I’ve been staring at the chart from here:
The original has links to the FBI data and a spreadsheet of this data. Also, in the original, you can click on a column heading to sort the data. So “hit the link” for more.
Gun crimes by US states State Total firearms murders, 2011 % change, 2010-11 Fire- arms murders as % of all murders Fire- arms murders rate Fire- arms robberies rate Fire- arms assaults rate RATES ARE PER 100,000 PEOPLE. SOURCE: FBI UNIFORM CRIME REPORTS NO DATA FOR FLORIDA OR ALABAMA State Total %change %All Rate Robbers Assaults United States 8,583 -3 68 2.75 39.25 43.77 Alaska 16 -16 55 2.24 18.19 80.47 Arizona 222 -4 65 3.53 50.24 57.36 Arkansas 110 18 72 4.39 45.45 100.56 California 1,220 -3 68 3.25 42.97 45.39 Colorado 73 12 50 1.51 25.74 45.72 Connecticut 94 -3 73 2.71 34.85 20.06 Delaware 28 -26 68 3.09 69.67 81.36 Dist. of Col. 77 -22 71 12.46 242.56 87.7 Georgia 370 -2 71 3.93 72.48 58.64 Hawaii 1 -86 14 0.07 n/a n/a Idaho 17 42 53 1.14 3.41 23.43 Illinois 377 4 83 2.93 2.26 5.26 Indiana 183 29 64 3.29 53.14 29.91 Iowa 19 -10 43 0.71 7.31 21.95 Kansas 73 16 66 2.78 24.86 76.87 Kentucky 100 -14 67 2.36 39.77 25.14 Louisiana 402 15 83 10.16 63.48 99.51 Maine 12 9 48 0.9 5.8 4.52 Maryland 272 -7 68 4.7 79.71 41.18 Massachusetts 122 3 67 2.02 27.84 33.19 Michigan 450 9 73 5.06 55.95 86.41 Minnesota 43 -19 61 0.82 20.11 22.52 Mississippi 138 15 74 7.46 60.07 51.69 Missouri 276 -14 76 4.64 52.47 88.9 Montana 7 -42 39 0.76 3.78 29.03 Nebraska 42 31 65 2.5 25.44 33.84 Nevada 75 -11 58 3.07 69.77 53.3 New Hampshire 6 20 38 0.53 9.83 15.14 New Jersey 269 9 71 3.07 49.87 26.94 New Mexico 60 -10 50 2.98 34.96 87.26 New York 445 -14 57 4.12 23.28 20.06 North Carolina 335 17 69 3.87 48.72 67.44 North Dakota 6 50 50 0.93 4.79 4.79 Ohio 344 11 70 3.54 65.45 37.97 Oklahoma 131 18 64 3.64 42.81 58.07 Oregon 40 11 52 1.05 14.57 17.55 Pennsylvania 470 3 74 3.97 54.69 39.44 Rhode Island 5 -69 36 0.57 12.71 17.86 South Carolina 223 8 70 5.41 52.93 127.88 South Dakota 5 -38 33 0.68 4.91 20.6 Tennessee 244 11 65 3.92 72.88 137.58 Texas 699 -13 64 2.91 50.21 58.28 Utah 26 18 51 0.97 10.98 21.32 Vermont 4 100 50 0.75 4.32 12.6 Virginia 208 -17 69 2.58 35.4 21.35 Washington 79 -15 49 1.25 20.72 28.44 West Virginia 43 59 58 2.87 16.08 52.04 Wisconsin 80 -18 59 1.47 43.86 27.4 Wyoming 11 120 73 2.01 3.65 20.44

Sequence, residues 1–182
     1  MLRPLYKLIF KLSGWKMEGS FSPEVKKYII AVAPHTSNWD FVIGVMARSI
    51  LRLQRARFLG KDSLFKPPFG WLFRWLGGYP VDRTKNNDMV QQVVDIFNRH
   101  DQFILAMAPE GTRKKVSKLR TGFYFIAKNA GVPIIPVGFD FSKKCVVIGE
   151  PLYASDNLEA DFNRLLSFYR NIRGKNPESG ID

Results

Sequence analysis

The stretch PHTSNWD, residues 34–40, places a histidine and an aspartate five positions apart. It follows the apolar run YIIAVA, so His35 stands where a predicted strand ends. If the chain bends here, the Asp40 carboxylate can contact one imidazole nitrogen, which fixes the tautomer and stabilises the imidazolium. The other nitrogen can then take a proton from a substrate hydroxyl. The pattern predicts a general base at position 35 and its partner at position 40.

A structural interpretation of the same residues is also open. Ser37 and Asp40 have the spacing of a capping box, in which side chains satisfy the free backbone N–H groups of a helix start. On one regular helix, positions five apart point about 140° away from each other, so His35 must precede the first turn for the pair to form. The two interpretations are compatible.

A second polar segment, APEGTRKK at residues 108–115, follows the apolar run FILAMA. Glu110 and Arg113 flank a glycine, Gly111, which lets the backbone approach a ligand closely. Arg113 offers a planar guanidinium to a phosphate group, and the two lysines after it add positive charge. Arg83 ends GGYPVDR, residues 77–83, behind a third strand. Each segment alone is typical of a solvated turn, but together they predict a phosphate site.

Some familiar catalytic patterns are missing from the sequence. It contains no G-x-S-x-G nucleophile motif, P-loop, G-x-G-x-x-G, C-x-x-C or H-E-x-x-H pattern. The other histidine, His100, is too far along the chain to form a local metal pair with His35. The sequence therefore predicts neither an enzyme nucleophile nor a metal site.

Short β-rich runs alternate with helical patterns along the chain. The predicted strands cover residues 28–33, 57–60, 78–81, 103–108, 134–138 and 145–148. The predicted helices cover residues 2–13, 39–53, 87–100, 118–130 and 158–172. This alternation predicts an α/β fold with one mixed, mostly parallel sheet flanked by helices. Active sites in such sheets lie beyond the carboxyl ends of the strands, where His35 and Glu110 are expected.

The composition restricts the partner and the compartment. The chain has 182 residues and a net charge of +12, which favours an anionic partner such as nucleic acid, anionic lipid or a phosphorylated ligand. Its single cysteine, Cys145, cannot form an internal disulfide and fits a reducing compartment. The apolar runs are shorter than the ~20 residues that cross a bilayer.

Mostly I come to the conclusion that gun laws are orthogonal to gun crimes. It looks like rural / farming states have a lower rate of gun violence, generally, despite (or perhaps because of) pervasive gun presence on farms and in farm communities.
There is some evidence for the disaster that is “Black On Black” violence. States with larger urban black populations tend to have high gun violence stats (see D.C., Mississippi and Louisiana compare Virginia, Oklahoma) but there’s a lot of noise in that speculation.
Places like California and Illinois and Washington D.C. have essentially draconian gun laws, yet gun murder rates of 3.2, 2.93, and 12.46, respectively (USA average 2.75 so all “above average” though statistical significance not determined). Then States with very loose gun access and lots of guns like New Hampshire, Vermont, and South Dakota have rates of 0.53, 0.75, and 0.68, respectively.
How “loose” are N.H. gun laws? Rather like when I was a kid in California and we didn’t bother locking the doors to our house and left the keys in the car “in case someone needed to move it”.